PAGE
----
|by Anonymous||reply 33||06/10/2013|
Could be Bi-Polar. Definitely depression. For the record, I agree with r26. They need to tell him that he is loved, they are concerned and want to help.
|by Anonymous||reply 34||06/10/2013|
It sort of sounds like everyone I knew at that age.
|by Anonymous||reply 35||06/10/2013|
He sees the world for what it is, and that's depressing. I'm with him.
|by Anonymous||reply 36||06/10/2013|
Hi OP, Im mid 20s so 21 wasnt that long ago for me..it was a really difficult time.
I started to hate the university my parents sent me to, and I changed majors so I would have to deal with being there even longer. This is when the people that are really serious about their future start buckling down, and if you dont have friends like that they start disappearing one after the other. I was constantly broke because school was getting more expensive every year, and that alone is enough to make you depressed. I wanted a job but couldn't find anything for a long time. I also felt a huge amount of guilt for not supporting myself more like my mom did, both her parents died when she was a teenager. I felt like was I wasting my time.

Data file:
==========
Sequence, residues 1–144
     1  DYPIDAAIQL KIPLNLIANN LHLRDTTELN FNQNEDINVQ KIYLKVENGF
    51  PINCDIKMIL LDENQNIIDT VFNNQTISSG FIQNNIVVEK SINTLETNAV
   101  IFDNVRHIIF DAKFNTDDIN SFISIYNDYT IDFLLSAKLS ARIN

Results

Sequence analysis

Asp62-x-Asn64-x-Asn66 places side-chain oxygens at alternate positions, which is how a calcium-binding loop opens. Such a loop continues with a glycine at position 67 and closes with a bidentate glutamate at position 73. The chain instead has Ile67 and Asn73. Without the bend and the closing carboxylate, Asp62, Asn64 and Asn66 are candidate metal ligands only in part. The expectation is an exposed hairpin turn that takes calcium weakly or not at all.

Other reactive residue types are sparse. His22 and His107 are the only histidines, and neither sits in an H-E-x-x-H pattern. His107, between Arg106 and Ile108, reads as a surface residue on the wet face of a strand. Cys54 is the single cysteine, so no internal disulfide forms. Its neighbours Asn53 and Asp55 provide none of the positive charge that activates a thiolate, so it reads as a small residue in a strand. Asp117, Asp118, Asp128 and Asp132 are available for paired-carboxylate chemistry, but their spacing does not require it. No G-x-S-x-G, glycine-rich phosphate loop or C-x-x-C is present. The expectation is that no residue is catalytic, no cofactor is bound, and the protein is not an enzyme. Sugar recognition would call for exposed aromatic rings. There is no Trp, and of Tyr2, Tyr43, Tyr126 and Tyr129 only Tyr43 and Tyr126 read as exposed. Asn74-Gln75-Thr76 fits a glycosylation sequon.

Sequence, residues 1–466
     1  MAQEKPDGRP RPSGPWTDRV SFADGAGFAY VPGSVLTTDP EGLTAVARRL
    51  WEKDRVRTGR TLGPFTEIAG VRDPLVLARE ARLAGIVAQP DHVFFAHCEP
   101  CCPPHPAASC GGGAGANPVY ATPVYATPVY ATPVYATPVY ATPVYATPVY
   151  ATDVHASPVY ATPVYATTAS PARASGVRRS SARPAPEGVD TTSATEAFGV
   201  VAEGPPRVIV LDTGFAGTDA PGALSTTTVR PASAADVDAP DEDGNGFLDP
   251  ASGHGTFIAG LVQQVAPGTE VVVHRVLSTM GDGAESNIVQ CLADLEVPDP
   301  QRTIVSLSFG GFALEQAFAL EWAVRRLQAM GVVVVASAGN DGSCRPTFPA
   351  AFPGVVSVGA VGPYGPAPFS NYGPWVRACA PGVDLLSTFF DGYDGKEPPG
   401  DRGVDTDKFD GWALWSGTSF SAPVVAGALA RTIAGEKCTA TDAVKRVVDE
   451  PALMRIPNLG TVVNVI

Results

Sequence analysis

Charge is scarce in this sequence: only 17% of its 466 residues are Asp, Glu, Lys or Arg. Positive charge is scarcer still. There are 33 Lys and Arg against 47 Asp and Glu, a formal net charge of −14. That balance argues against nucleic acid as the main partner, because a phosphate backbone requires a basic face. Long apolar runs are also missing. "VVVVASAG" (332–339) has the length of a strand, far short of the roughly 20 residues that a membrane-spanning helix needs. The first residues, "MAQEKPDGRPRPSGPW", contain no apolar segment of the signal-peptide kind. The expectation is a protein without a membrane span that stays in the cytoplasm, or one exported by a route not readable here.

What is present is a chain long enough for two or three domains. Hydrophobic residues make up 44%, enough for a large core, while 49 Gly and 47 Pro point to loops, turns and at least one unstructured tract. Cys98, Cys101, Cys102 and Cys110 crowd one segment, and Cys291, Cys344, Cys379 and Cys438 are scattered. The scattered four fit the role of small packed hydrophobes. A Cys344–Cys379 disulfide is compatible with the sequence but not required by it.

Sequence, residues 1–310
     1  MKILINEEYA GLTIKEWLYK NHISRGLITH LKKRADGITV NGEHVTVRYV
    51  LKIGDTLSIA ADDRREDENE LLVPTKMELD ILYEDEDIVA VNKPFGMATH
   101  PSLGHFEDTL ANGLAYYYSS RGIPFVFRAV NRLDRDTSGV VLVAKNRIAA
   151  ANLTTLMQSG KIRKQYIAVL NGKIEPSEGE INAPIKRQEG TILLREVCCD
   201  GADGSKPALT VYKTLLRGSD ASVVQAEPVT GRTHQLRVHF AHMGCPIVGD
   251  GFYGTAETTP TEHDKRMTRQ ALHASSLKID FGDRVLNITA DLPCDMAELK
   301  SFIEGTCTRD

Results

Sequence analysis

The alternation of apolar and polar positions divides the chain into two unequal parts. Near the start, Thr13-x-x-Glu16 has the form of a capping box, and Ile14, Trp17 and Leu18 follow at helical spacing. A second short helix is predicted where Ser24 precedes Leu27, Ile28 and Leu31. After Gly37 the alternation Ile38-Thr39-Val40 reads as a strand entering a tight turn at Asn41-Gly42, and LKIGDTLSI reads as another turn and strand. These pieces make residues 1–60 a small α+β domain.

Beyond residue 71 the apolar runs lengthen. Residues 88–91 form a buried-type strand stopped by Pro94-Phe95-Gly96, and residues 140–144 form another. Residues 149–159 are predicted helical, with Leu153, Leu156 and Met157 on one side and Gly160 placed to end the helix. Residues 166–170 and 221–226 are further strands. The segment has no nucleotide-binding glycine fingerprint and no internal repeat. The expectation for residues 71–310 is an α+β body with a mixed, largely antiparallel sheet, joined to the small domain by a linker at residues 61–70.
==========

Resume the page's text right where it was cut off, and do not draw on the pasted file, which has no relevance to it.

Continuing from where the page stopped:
The two things that helped me the most were telling myself to stop feeling guilty and getting a job. When you are working it helps the days go by.
|by Anonymous||reply 37||06/10/2013|
Definitely depressed....the question is why. He should start with some therapy and go from there.
21 is the key age for a lot of symptoms to emerge if there is a serious mental illness. But it would very unusual for a bipolar or schizophrenia disorder to show up if there is no family history. It could be garden-variety unipolar depression, which does show up at any time.